One other voice in the argument should be mentioned: that of academics. Paul Samuelson, an MIT economics professor and Nobel prizewinner, wrote in his best-selling economics textbook that the shorter-workweek proposal was based on a “fallacy” which he called the “lump-of-labor fallacy”: “The lump-of-labor argument implies that there is only so much useful remunerative work to be done in any economic system, and that is indeed a fallacy ... There is no doubt that drastic shortening of hours would imply lower real earnings than a full-employment economy is capable of providing at a longer workweek.”

This “lump-of-labor fallacy” was first enunciated in 1892 by a certain D.F. Schloss who was discussing workers’ attitudes toward piece work. In the first decades of the 20th Century, the National Association of Manufacturers in a pamphlet adapted the concept to its fight against the eight-hour day. In reality, it was a straw-man argument, something advanced by critics of shorter hours rather than by its proponents. An abler and better-informed economist than Samuelson, Paul H. Douglas at the University of Chicago, wrote a book, “The Problem of Unemployment”, in which he furnished evidence of a positive correlation between shorter work hours and higher hourly pay - quite the opposite of Samuelson’s assertion.

Today, one seldom hears of proposal for a shorter workweek except from political leftists whose small vote-getting performance tends to discredit their ideas. Instead, the action has shifted abroad - first to western Europe where weekly schedules of hours have dropped to below 40 and where annual vacations of five and six weeks are not uncommon; then to Japan, determined to reduce its workers’ extreme hours to a level at or below that of other First World nations; and finally to China whose People’s Congress enacted a 5-day, 40-hour week in 1995, ushering in a period of unprecedented leisure and wealth for the Chinese people.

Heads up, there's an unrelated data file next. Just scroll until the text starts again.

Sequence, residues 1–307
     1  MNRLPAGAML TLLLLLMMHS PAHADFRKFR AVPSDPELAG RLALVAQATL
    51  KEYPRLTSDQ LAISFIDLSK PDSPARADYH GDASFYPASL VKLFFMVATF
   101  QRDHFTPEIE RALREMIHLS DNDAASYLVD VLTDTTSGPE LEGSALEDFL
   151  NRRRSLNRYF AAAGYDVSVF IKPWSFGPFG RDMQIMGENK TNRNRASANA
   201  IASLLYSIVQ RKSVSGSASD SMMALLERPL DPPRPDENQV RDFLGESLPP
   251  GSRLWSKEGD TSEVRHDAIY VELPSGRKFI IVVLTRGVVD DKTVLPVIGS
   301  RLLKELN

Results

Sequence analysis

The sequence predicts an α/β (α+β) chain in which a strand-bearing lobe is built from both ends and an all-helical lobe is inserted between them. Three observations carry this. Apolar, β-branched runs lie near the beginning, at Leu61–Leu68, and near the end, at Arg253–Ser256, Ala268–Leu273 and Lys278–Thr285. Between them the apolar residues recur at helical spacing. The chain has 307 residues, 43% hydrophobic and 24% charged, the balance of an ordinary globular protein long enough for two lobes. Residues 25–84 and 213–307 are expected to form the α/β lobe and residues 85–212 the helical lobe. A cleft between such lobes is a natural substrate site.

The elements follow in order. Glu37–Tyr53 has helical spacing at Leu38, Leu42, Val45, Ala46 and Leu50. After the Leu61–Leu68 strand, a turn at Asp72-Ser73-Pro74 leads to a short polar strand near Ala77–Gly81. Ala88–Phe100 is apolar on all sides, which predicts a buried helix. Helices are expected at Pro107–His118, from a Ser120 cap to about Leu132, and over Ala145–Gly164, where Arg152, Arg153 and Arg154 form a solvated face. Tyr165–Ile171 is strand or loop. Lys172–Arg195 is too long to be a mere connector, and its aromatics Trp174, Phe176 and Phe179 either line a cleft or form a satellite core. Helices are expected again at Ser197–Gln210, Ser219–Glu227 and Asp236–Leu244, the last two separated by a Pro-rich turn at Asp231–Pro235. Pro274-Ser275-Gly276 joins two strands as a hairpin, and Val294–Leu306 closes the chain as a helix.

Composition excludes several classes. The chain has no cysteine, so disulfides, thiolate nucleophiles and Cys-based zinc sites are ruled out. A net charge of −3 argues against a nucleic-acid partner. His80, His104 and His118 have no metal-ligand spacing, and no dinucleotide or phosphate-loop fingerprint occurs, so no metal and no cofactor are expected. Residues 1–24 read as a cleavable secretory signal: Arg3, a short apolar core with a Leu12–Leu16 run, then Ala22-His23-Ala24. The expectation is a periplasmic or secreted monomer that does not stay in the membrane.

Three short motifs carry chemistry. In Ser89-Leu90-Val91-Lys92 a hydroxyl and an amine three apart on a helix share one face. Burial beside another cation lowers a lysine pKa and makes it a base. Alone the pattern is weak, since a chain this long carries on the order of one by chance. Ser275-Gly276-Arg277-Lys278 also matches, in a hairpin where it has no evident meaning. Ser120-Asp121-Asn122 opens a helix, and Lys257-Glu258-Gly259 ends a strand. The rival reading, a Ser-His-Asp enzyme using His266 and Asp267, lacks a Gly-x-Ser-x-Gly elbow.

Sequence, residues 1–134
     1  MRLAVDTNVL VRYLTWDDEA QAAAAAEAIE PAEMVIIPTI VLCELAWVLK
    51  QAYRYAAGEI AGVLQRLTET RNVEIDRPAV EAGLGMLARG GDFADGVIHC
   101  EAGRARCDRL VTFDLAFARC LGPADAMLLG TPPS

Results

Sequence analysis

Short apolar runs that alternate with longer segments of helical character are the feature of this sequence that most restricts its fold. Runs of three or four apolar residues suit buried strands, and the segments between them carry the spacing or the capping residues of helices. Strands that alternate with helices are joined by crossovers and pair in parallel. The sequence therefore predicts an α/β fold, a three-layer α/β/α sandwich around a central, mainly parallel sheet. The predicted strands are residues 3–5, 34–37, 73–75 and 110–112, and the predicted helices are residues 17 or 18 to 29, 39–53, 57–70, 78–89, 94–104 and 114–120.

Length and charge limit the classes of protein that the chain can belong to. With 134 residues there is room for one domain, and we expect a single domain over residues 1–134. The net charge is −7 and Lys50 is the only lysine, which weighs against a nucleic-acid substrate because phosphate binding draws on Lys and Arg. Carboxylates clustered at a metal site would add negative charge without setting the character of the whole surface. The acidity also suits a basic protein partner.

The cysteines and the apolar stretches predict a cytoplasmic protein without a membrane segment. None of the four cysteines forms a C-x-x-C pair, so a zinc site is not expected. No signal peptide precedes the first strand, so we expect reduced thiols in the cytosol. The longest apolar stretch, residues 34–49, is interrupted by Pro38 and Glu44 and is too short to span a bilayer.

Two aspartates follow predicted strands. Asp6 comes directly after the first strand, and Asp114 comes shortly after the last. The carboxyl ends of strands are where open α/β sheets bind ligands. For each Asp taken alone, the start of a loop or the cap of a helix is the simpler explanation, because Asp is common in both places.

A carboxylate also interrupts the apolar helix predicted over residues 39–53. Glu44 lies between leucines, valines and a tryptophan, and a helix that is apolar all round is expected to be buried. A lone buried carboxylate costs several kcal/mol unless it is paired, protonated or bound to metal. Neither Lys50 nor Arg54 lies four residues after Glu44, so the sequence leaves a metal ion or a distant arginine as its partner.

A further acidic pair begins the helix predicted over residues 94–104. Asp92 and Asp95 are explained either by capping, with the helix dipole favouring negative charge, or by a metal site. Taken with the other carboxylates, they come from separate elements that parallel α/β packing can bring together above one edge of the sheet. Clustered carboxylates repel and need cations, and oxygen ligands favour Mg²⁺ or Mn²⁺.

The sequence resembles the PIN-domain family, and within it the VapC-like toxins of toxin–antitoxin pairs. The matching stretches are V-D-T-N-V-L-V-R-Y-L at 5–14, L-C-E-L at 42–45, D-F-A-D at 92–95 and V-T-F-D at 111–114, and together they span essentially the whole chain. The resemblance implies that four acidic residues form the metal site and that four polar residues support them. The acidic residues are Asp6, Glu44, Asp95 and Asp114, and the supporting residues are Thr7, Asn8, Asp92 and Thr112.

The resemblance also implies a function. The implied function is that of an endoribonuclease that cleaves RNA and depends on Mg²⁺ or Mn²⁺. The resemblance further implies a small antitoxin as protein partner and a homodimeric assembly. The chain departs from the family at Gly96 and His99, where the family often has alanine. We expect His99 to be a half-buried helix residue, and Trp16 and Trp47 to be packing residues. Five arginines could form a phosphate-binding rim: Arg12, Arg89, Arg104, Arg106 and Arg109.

In the meanwhile, U.S. “realists” managed to stifle all progress. The trade-union movement had run out of steam. Business, under the thumb of Wall Street money managers, was focused on improved quarterly earnings and pumped-up CEO pay. Government, fiscally irresponsible, never seriously considered any measure that would threaten its taxpayer-supported revenue stream. The last serious attempt to enact shorter-workweek legislation in the United States was Rep. John Conyers’ bill introduced in April 1985.

Now we come to the present economic collapse and the dawn of a new presidential administration. In some respects, Barack Obama’s prospects resemble those of Franklin D. Roosevelt when he first became president, except that the labor movement is weaker and appeals for shorter work hours are seldom heard. Yet, the fundamental challenge of this administration is jobs - how to restore productive, high-paying jobs.

The challenge has become more difficult because the U.S. economy is embedded in a global economy, more difficult for a national government to control. Due to outsourcing of production, industries which once flourished in the United States no longer exist in this country; those jobs have disappeared. The incoming president, who once organized communities on the south side of Chicago in the wake of steel mill closings, is certainly aware of the problem though he has surrounded himself with economic advisers steeped in the old traditions.

I think the shorter-workweek proposal still has a place in our nation’s economic policy. For better or for worse, however, such a proposal must be advanced in the context of a global economy. If we keep an open mind on the subject, we will find that foreign governments and economic leaders may also be receptive to the idea of shorter hours. It is they, after all, who have had more recent experience with this type of change than we. In all nations, both developed and undeveloped, there is a problem of potential or real unemployment. Industrial technology lets more output be produced with fewer workers. A comparable adjustment needs to be made in hours.